The Department of Labor is turning to the public once again for suggestions on which of its existing regulations administered department-wide should be revised or repealed.
In a request for information (RFI), DOL said it would accept comments from the public through February 25 on how its significant regulations could be improved by modernizing, modifying, redesigning, streamlining, expanding, or repealing them. “This request for public input will inform development of the Department’s future plans to review its existing significant regulations,” DOL said.
DOL offers a series of questions individuals should consider when they respond. The questions make clear DOL seeks comment not only on regulations, but also on guidance and interpretative documents, and reporting requirements.
“The Department is especially interested in candidates for review for which there is evidence of rapid technological change in a sector that could influence the structure and need for the regulation, whether the chosen regulatory approach will impose large ongoing costs on regulated entities, whether the agency is regulating in an area of significant uncertainty that may be lowered with a future retrospective study, and other similar conditions,” DOL said. Commenters are instructed to confine remarks to items not currently on the department’s regulatory agenda.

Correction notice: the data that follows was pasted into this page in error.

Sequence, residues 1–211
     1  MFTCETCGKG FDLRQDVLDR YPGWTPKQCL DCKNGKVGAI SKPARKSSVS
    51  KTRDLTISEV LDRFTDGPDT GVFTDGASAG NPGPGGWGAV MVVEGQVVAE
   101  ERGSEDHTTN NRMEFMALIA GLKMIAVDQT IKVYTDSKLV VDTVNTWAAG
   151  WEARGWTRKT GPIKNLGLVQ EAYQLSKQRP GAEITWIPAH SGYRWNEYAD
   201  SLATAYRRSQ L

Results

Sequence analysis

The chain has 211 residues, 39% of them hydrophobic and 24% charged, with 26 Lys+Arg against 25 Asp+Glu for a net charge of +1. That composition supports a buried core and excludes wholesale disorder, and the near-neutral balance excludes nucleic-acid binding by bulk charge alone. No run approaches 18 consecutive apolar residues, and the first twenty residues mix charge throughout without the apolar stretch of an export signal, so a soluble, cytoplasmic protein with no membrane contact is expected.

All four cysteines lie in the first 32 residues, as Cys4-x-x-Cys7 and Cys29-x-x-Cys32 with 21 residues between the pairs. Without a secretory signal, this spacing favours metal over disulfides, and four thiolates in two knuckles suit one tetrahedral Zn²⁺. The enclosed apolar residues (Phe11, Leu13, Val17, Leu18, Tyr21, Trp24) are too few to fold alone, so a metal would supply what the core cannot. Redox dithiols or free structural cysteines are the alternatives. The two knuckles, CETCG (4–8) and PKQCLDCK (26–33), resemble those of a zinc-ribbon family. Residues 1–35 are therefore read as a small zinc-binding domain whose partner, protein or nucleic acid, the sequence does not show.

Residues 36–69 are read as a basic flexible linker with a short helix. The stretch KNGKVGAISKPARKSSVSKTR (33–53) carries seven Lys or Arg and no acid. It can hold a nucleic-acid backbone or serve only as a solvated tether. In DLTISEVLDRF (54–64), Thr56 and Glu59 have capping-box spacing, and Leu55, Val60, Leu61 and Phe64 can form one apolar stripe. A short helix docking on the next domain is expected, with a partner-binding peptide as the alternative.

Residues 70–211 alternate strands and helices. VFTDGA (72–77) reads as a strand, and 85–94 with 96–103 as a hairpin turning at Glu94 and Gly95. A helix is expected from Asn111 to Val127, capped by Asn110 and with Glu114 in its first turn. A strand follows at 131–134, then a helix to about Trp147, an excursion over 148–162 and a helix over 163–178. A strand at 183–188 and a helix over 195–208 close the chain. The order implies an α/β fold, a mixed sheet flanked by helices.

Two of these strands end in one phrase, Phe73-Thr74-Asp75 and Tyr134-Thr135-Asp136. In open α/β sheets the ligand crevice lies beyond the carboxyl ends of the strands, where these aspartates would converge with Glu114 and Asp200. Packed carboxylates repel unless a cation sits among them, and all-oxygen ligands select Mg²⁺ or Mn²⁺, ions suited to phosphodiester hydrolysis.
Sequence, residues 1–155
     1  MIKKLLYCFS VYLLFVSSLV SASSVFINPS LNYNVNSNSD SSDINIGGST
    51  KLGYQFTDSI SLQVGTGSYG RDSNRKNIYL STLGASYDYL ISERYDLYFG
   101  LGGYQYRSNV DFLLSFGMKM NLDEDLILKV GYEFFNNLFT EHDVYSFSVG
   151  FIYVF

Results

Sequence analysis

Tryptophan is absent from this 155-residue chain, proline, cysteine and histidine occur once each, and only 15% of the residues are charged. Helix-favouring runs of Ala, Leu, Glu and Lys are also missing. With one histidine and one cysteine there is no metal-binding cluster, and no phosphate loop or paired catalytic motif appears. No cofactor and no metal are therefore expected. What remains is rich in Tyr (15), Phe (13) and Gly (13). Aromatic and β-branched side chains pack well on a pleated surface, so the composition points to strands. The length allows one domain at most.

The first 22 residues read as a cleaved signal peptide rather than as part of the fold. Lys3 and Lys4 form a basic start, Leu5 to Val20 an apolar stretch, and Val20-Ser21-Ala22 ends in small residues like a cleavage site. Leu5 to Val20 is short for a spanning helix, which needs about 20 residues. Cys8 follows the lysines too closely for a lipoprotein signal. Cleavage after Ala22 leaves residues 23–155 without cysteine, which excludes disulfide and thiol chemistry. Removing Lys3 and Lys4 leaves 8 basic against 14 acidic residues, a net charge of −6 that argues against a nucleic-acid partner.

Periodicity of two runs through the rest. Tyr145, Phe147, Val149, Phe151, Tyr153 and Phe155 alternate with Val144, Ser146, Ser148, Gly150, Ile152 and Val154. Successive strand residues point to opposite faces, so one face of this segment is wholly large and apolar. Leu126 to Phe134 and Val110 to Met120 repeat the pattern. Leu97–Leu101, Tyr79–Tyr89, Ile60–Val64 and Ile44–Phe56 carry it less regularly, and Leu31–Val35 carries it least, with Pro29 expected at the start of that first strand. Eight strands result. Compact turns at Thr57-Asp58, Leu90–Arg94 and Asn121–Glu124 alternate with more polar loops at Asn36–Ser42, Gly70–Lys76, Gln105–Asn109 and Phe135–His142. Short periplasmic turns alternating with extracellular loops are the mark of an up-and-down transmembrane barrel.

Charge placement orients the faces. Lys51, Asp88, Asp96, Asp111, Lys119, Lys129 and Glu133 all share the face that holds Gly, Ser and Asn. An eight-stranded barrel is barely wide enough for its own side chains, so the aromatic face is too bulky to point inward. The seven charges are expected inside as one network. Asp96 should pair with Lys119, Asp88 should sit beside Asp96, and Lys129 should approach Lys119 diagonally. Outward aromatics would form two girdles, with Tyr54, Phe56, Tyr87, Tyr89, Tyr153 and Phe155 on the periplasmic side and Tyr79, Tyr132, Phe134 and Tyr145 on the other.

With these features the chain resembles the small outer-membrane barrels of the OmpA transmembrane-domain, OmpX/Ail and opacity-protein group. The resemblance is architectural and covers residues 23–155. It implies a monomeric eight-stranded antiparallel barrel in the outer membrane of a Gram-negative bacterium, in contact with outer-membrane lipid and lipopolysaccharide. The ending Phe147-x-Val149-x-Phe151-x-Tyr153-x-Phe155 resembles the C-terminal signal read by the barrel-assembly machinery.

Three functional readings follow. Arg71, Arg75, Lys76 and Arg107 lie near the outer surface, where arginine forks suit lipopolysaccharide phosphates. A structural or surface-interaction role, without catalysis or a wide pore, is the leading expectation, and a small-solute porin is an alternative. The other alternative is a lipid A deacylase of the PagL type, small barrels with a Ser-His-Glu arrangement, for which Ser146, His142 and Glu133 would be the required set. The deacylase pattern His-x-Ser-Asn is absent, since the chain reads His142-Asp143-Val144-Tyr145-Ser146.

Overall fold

DOL had issued a request for information for regulatory review suggestions in 2011, and received 100 individual recommendations from more than 900 respondents. That eventually led DOL to develop what it calls a Plan for Retrospective Analysis of Existing Rules. The latest iteration of the plan, dated August 2014, lists eight OSHA actions undergoing regulatory review and one from MSHA that deals with updating the mine safety agency’s criteria and procedures for assessment of civil penalties. The OSHA initiatives address blood-borne pathogens, national consensus standards, mechanical power presses, unnecessary or duplicative provisions or paperwork requirements primarily in construction, cranes and derricks in construction, chemical management and permissible exposure limits, and improving tracking of workplace injuries and illnesses.